It started with a big bang, a sudden eruption of an enormous amount of energy and matter. This eruption resulted in a preliminary order of things. Dust was formed into planets, planets formed galaxies – but nothing stopped there.
The big bang marked only the beginning of the evolution of things. What followed, was not the appearance of new things out of nowhere, but the emergence of increasing complexities of the existing matter through adaptations and transformations. However, just like birthmarks, the big bang event stayed apparent in matter and time, deeply inscribed into all things, allowing us to trace it back and learn from it.
What is there, has always been there, just in a different variation and for a different purpose.
What is there, has always been there, just in a different variation and for a different purpose. What can be distinguished, however, is the degree of complexities by which the single elements are assembled.
In „A thousand years of nonlinear history“ Manuel de Landa argues that over the course of mankind, there were several peaks in the amount of aggregated energy. These peaks resulted in major revolutions and innovations. He identifies urban settlements, which are complexities themselves, as the key environment for aggregated energy. To give a clear picture, urban settlements can be compared to pressure cookers. Constraints in space and time, as well as densities cause exponential cumulation of energy that lead to sudden eruptions and pressure release.
DELIRIOUS NEW YORK
In „Delirious New York“, Rem Koolhaas describes the emergence of New York’s skyscrapers at the beginning of the last century in a similar manner. As Koolhaas points out, it was neither the quest for profit by multiplying usable square-meters that drove the development in the first place, nor the increasing density of population that demanded more living space. Although these obvious problems existed, the real driver was a different crisis.
This crisis was rooted in the fact that there was no adequate space to date, that would cater for an emerging modern society that wanted to dwell and play and, ultimately, find happiness. The real innovation, Koolhaas argues, is that New Yorks` planners started to comprehend modern urban living as a multi-layered, individual endeavor that would manifest itself in a new building typology: the skyscraper.
Famously described in the Downtown Athletic Club, a tower dedicated to the personal fitness and social gathering of upper class New Yorkers. Every floor would feature a sensation, different from the one below, offering various sports and recreational infrastructures as well as other pleasures to cater for the individualized needs, all connected by a single element: the elevator. Only this technical innovation allowed for a quick transportation between the worlds.
It took a city as big as New York, with its dense population, its innovative planners and brave entrepreneurs, as well as a real crisis and unquenched desires in order to bring this innovation forward that then conquered the world. The skyscraper, however, can only serve as one of many exemplified developments of complexities that helped reshape todays` urban environments around the globe.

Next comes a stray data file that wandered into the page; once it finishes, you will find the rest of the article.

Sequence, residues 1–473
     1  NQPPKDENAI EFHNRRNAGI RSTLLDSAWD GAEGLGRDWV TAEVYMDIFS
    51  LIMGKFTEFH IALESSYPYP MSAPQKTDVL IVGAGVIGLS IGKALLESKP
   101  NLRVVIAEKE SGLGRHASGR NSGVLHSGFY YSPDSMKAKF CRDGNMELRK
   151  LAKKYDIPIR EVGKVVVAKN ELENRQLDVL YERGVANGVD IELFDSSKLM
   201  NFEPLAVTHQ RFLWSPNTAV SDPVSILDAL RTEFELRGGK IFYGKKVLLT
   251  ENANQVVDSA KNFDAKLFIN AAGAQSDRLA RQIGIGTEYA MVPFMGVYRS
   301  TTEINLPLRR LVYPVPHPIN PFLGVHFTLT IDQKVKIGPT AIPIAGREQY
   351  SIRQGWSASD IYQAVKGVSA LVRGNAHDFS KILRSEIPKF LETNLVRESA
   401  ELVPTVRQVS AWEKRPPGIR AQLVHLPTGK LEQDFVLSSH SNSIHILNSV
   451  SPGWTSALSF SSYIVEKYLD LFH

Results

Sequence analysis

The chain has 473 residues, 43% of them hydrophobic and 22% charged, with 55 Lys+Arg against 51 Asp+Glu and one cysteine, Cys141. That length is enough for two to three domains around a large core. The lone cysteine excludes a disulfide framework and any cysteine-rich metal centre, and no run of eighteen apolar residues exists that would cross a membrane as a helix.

History shows us, that we live in the most complex of times and we can easily see why: We never handled more complex machines, (just like the elevator), realized bigger and higher buildings, we never occupied more land, used more natural resources, communicated and travelled faster, than today. The division of labor has never been more fragmented. Our individual life stories have never been more varied. Or in other terms: We have never been that urban.
We must see that crisis is only a sign that the new has not come into being yet
So here we are, at the beginning of the year 2019, in a hypercomplex, pressured world, still dealing with the effects of the last big eruptions, the industrial revolution and capitalism, but we sense that we stand at the dawn of something new. We feel the crises, but we must see that crisis is only a sign that the new has not come into being yet.
COMPLEXITIES OF OUR BUILT ENVIRONMENT
This is the starting point of my blog. It will deal with the complexities of our built environment. It will ask, whether we as architects and designers are doing a good job in finding the right solutions to our urging problems. I will look at design examples (mostly buildings, but not exclusively) in my surrounding, that I have experienced personally.
Furthermore, this blog shall also have an interest in the speculative field of future developments. If we, as a global society, are under such heavy pressure, chances for a new big eruption of aggregated energy are real. I will offer my visions on what can be seen as possible outcomes of future outbursts. In this sense, the blog shall fulfill two things: deciphering the complexities of what is already there and proposing what could be there.
As a starting point, we are looking at a prominent building in Vienna that certainly carries a „big bang“ momentum.
Christian Schwarzwimmer is an Austrian architect and designer. In his posts, he is discussing the complexities of our built environment and highlighting whether architects and designers are finding the right solutions to our urging problems.